reading of Monday's unprecedented
sell-off as a "vigilante action" by

investors dismayed by a lack of
progress on the imbalance running
through the world financial system.
The precise meaning of the crash
is a matter of interpretation. But
most analysts agree it carried a
forceful call for action on the federal
budget deficit and on international
trade imbalances and unstable
currency markets.
While some ponder the meaning
of the crash, still others query the
cause. The search for a cause has

focused on the giant computers that
can instantaneously buyt or sell
massive amounts of stock for big
brokerages.
"Program trading" has been
accused of injecting wild and
unwarranted swings into the market,
regardless of the economic
fundamentals underlying stock
prices.
Some analysts think the
computers are unfairly being singled
our as the scapegoat.

Daily Photo by KAREN HANDELMAN
Palestinian protest
Mark Kay Rathke, a masters student in library science, and Tim Scar-
necchia, a History graduate student, rally yesterday on the Diag to
protest what they see as the continuing oppression of Palestinians under
Israeli occupation.
Group continues
rent control drive

(Continued from Page 1)
The group has about 4 5 0
signatures so far, said Michael Appel
of StudentsLegal Services, but plans
to increase the number this Saturday
at the group's first "Fair Rent
Saturday." The group will distribute
petitions throughout the city and
rent stabilization advocates will go
to local tenants' homes for
signatures.
Local landlords, however, may
take steps to defeat the ordinance.
Appel said a similar campaign was
defeated in the mid-70s partially
because landlords mobilized to op-
pose it.
Local property owner S a m
Levine, an LSA senior, has said
landlords must refurnish student
apartments every three to five years

through normal wear and tear,
though standard adult apartments are
only redone every seven to 10 years.
In order to make up for the more
frequent refurnishing costs, property
owners must raise rents, he said,
adding that the quality of apartments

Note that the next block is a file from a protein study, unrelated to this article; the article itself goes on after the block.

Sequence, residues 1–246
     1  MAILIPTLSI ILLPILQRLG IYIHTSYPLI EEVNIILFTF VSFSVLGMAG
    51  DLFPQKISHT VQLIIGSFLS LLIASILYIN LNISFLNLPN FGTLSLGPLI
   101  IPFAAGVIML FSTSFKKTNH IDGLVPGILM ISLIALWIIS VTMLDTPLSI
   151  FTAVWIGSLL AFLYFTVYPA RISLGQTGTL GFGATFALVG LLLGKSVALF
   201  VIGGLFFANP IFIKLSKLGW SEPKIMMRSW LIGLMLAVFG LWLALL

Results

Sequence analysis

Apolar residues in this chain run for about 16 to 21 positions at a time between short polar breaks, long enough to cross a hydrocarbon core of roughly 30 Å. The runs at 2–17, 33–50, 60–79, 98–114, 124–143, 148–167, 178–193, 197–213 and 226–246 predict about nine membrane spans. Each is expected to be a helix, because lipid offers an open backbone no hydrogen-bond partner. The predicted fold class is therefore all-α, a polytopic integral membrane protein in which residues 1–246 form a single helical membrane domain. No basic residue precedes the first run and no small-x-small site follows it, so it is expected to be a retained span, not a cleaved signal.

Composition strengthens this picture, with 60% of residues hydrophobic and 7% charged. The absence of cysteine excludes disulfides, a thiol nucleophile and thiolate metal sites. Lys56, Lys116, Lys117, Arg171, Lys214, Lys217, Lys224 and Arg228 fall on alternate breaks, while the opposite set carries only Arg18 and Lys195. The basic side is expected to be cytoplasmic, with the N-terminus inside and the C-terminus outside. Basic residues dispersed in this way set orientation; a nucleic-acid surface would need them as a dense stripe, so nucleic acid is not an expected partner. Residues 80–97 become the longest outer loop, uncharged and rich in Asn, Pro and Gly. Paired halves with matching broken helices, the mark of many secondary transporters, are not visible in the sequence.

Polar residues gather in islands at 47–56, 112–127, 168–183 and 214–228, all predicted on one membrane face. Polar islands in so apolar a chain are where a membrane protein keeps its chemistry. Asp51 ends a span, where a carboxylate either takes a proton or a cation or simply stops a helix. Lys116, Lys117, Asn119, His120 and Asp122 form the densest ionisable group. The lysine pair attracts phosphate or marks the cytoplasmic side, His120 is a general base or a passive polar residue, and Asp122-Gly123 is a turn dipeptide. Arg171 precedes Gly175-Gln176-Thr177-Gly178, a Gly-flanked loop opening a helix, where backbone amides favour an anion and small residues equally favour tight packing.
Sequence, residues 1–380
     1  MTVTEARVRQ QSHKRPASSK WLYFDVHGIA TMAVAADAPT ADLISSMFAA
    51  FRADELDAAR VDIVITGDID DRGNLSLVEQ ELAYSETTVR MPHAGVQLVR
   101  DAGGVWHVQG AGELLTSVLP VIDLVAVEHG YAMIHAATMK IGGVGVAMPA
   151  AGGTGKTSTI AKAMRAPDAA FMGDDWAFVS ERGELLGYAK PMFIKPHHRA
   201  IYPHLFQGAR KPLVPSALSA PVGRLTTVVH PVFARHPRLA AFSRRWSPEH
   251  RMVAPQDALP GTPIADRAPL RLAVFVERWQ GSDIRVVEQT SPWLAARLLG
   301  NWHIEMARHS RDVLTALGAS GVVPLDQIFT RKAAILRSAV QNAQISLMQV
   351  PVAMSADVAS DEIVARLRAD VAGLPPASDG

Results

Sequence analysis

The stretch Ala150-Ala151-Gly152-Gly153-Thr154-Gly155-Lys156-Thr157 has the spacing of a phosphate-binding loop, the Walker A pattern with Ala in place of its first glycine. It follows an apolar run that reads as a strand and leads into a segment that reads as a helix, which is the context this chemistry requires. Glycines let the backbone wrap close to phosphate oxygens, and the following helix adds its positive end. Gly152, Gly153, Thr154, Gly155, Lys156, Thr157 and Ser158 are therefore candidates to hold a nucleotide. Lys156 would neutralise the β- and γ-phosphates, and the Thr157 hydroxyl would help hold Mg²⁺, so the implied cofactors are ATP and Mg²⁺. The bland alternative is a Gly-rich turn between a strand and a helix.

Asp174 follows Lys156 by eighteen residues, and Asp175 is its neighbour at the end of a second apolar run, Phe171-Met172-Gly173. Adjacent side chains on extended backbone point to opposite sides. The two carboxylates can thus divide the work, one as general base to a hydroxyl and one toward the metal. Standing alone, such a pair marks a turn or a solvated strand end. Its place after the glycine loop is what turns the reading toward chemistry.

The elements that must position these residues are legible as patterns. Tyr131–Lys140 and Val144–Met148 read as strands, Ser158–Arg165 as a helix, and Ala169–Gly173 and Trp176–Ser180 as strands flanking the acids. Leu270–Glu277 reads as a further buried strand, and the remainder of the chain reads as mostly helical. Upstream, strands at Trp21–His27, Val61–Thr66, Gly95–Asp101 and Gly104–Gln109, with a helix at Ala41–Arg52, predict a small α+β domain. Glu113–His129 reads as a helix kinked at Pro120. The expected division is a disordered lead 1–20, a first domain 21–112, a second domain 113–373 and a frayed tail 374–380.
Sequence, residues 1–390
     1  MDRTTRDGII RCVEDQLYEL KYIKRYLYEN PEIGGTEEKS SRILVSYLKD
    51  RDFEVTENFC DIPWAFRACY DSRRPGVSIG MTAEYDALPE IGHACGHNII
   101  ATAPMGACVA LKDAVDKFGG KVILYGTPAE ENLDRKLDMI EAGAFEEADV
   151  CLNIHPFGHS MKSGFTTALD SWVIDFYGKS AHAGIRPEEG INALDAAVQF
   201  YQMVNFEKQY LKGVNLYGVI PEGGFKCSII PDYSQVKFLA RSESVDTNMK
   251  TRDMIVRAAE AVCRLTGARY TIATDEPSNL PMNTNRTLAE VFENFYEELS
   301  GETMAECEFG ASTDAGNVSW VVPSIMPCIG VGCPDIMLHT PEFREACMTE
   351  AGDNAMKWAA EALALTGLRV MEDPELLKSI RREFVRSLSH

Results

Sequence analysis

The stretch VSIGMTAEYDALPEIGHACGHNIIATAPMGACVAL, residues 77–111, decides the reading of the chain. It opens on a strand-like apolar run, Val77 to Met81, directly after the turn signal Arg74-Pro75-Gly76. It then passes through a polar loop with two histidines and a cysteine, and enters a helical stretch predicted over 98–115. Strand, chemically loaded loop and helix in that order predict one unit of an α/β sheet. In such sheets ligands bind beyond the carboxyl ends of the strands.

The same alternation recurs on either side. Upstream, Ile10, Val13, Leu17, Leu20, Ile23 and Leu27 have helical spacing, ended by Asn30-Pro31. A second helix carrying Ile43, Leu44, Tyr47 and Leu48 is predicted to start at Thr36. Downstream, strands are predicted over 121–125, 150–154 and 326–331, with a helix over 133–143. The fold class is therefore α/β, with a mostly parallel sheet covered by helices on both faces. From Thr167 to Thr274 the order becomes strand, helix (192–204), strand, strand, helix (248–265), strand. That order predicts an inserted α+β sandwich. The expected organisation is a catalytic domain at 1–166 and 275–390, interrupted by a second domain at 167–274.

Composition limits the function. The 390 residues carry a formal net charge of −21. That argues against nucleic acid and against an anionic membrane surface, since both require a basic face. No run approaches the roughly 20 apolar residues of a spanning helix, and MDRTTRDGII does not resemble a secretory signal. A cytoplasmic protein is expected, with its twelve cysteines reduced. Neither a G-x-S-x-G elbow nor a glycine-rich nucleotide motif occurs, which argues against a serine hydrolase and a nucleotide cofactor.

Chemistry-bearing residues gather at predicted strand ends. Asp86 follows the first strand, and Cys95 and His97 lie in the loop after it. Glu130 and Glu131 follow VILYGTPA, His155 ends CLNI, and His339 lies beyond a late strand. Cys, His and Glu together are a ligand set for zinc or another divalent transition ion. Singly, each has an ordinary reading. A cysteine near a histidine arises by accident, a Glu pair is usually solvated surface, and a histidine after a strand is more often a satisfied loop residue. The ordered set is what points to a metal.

will go 0,-wn.
And )erty owner Fred Gruber
has ma:, ned that recent sharp rent
increases in Ann Arbor have been
relative to the late 1970s. Rent
prices, he has said, remained con-
stant during those years because of
fixed long-term financing. But the
financing terms ended and banks
raised their rates, prompting
landlords to increase rent prices in
order to catch up.

MINI-COURSE:
SOVIET AND EAST EUROPEAN MEDIA
University Course (495) 333 (1 credit)
8:00 p.m., Room 200 Lane Hall
MONDAY, OCTOBER 26
"Introduction to the Soviet Press,"
Roman Szporluk, Dept. of History
and Director, CREES
Additional lectures by Thomas Remington, Emory Univ.;
William Zimmerman, Dept.of Political Science.
Watch The List for times.
All lectures are open and the public is invited to attend.
For more information please contact the
Center for Russian and East European Studies
at 764-0351.

IT'S ABOUT YOUR G.P.A.
TEST ANXIETY WORKSHOP
READING & STUDIES SKILLS
FOR MATH, SCIENCE AND
OTHER TECHNICAL COURSES
EFFECTIVE READING FOR
COLLEGE COURSES
Registration: October 28-30
WORKSHOPS meet weekly November- December 7
$75 FINANCIAL assistance available

University of Michigan
Reading and Learning Skills Center
1610 Washtenaw

763-7195

- 1

0 MSA to study insurance

(Continued from Page 1)
provide an optimal insurance
package for students," Briefer said.
But Lopez said the committee
will also spend much time "facing
campus health problems and issues."
Lopez said he wants to improve
student access to health services -
including dental care, substance
abuse programs, and student stress
control

"Right now there isn't anybody
lobbying on campus for student
health issues," Felton said. She said
that of the 500 organizations cur-
rently registered with MSA, not one
addresses a health issue.
The committee, approved only
temporarily, could become a formal
body of MSA at their winter
elections.